The Concise Cinegraph: Encyclopaedia of German Cinema
"This encyclopedia provides a comprehensive guide to German cinema that will interest both specialists, film students, and enthusiasts. While originally published in 1984, it has been continuously updated ever since. The English language version has been significantly revised and condensed. The reference covers actors, writers and cameramen, composers and production designers, film theorists and critics, producers and distributors, and inventors and manufacturers. The appendix includes brief essays on specific movements and periods within the German cinema genre."
German Film after Germany: Toward a Transnational Aesthetic
This complex, elegantly argued book addresses the production, distribution, and reception of 'German' films in an era of international coproductions and nascent European nationalism--an era fortified by the rise of the euro, a new currency that has in very short order emerged as a major world financial force. Halle (Univ. of Pittsburgh) considers what exactly a German film might be in an era that requires international cooperation to make films and in the face of ever-rising budgets and production costs--to say nothing of the need for international stars for marketing purposes. Citing film director Volker Schlondorff as a prime mover in the transnational German cinema, Halle notes that as the market for a film widens, the influence of the director lessens and is subsumed by that of the producer. The author also discusses the issue of language for marketing and the need to reach as many viewers as possible. And yet Halle believes that transnational cinema is not inherently compromised but rather gestures toward a new aesthetic that mediates formerly sacrosanct national boundaries."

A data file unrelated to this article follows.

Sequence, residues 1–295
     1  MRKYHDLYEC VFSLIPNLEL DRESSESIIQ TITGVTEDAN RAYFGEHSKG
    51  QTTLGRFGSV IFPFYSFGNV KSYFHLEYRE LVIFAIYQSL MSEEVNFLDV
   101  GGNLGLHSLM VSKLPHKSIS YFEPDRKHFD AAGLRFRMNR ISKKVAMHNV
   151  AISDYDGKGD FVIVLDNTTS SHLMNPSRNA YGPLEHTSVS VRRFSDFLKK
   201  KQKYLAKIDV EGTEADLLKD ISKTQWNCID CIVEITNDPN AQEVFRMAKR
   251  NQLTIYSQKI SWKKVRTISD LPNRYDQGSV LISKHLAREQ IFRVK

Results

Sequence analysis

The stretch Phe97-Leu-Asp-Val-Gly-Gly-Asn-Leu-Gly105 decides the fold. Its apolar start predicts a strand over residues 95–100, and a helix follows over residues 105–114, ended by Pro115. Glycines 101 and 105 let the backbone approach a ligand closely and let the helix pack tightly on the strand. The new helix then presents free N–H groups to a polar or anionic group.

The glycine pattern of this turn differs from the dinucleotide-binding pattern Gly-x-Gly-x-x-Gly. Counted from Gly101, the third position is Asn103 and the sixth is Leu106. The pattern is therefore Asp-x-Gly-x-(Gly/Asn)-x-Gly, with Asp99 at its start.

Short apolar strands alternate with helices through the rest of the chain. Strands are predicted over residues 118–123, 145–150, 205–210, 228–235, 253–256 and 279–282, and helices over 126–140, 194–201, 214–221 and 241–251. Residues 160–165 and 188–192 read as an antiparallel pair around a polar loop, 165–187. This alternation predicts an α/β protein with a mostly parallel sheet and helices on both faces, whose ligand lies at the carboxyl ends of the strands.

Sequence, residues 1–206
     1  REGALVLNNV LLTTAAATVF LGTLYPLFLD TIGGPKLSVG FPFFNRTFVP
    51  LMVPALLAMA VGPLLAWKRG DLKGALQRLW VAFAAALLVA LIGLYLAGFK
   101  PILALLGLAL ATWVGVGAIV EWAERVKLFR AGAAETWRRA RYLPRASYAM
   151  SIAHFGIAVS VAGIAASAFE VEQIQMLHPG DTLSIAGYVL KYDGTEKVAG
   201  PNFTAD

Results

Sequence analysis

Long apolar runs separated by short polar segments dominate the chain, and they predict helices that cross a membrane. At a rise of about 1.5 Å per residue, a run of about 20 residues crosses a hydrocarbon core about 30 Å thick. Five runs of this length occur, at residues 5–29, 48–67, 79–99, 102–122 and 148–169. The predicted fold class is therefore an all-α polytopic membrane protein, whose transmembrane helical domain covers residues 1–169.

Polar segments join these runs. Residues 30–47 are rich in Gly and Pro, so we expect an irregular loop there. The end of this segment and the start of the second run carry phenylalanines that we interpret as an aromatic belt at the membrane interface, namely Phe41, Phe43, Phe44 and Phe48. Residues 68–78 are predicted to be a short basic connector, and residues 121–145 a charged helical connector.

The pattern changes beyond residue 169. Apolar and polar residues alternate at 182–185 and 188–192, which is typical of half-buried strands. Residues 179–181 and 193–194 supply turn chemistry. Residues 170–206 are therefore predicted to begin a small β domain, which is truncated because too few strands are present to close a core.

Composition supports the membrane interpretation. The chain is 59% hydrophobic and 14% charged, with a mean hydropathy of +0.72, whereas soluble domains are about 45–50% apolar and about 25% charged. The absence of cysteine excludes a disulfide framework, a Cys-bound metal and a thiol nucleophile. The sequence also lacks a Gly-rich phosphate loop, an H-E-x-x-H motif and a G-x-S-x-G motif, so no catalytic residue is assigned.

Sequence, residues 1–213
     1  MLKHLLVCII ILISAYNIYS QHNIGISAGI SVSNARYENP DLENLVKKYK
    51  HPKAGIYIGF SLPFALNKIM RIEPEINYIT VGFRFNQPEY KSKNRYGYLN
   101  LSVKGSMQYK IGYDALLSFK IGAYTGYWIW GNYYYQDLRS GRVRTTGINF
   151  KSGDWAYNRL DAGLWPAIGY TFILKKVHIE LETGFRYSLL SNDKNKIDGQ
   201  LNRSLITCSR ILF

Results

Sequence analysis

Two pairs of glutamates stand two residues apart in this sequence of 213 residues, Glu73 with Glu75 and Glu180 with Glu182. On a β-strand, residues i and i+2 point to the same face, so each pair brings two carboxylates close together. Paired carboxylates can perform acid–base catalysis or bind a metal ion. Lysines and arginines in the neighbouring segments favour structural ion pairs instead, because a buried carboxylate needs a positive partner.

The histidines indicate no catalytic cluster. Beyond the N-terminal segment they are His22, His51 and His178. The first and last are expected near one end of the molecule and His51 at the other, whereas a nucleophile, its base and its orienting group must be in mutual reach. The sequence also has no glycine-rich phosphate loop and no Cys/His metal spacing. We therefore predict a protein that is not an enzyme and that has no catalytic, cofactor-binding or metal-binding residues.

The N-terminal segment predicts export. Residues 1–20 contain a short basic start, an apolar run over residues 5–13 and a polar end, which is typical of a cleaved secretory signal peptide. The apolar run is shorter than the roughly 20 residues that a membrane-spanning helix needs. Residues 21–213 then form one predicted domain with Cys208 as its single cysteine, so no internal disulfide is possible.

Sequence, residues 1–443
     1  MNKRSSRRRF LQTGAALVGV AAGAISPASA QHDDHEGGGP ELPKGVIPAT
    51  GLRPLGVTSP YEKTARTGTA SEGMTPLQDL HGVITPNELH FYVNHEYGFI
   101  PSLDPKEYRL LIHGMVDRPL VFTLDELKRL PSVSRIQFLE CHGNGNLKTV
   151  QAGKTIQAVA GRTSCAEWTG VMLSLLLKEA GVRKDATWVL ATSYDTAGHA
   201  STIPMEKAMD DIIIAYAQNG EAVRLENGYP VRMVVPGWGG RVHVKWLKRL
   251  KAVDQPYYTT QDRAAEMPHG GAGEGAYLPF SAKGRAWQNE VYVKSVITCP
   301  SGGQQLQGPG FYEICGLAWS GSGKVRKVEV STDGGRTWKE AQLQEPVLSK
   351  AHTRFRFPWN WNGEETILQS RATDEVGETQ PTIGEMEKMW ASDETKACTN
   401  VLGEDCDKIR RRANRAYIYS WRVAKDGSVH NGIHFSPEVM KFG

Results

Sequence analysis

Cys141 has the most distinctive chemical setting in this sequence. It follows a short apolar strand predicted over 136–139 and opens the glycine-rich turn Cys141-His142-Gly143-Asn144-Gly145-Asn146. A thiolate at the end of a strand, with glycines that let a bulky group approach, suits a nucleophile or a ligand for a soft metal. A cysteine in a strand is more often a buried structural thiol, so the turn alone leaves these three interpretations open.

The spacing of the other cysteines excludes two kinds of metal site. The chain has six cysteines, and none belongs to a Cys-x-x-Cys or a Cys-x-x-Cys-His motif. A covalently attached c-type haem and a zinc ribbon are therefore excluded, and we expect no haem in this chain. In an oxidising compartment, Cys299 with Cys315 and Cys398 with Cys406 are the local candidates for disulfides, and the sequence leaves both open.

Nation and Identity in the New German Cinema: Homeless at Home
"In this original study, Scharf investigates issues of national identity in films of the New German Cinema. Using a cultural studies analysis, Scharf argues that the conflict between this generation of critical filmmakers and their ‘German-ness’ translate into feature films that construct, and are pervaded by, a sense of 'homelessness' at home.A s the first cultural studies investigation of this cinematic movement, the book challenges existing film studies accounts by analyzing the New German Cinema within its social, temporal, and spatial contexts. Furthermore, with its broad concerns for the West German production context, the New German Cinema’s reception both nationally and internationally, as well as issues of representation, narration, and ‘Othering,’ Nation and Identity in the New German Cinema offers an interdisciplinary contribution to the ongoing debate on national cinema."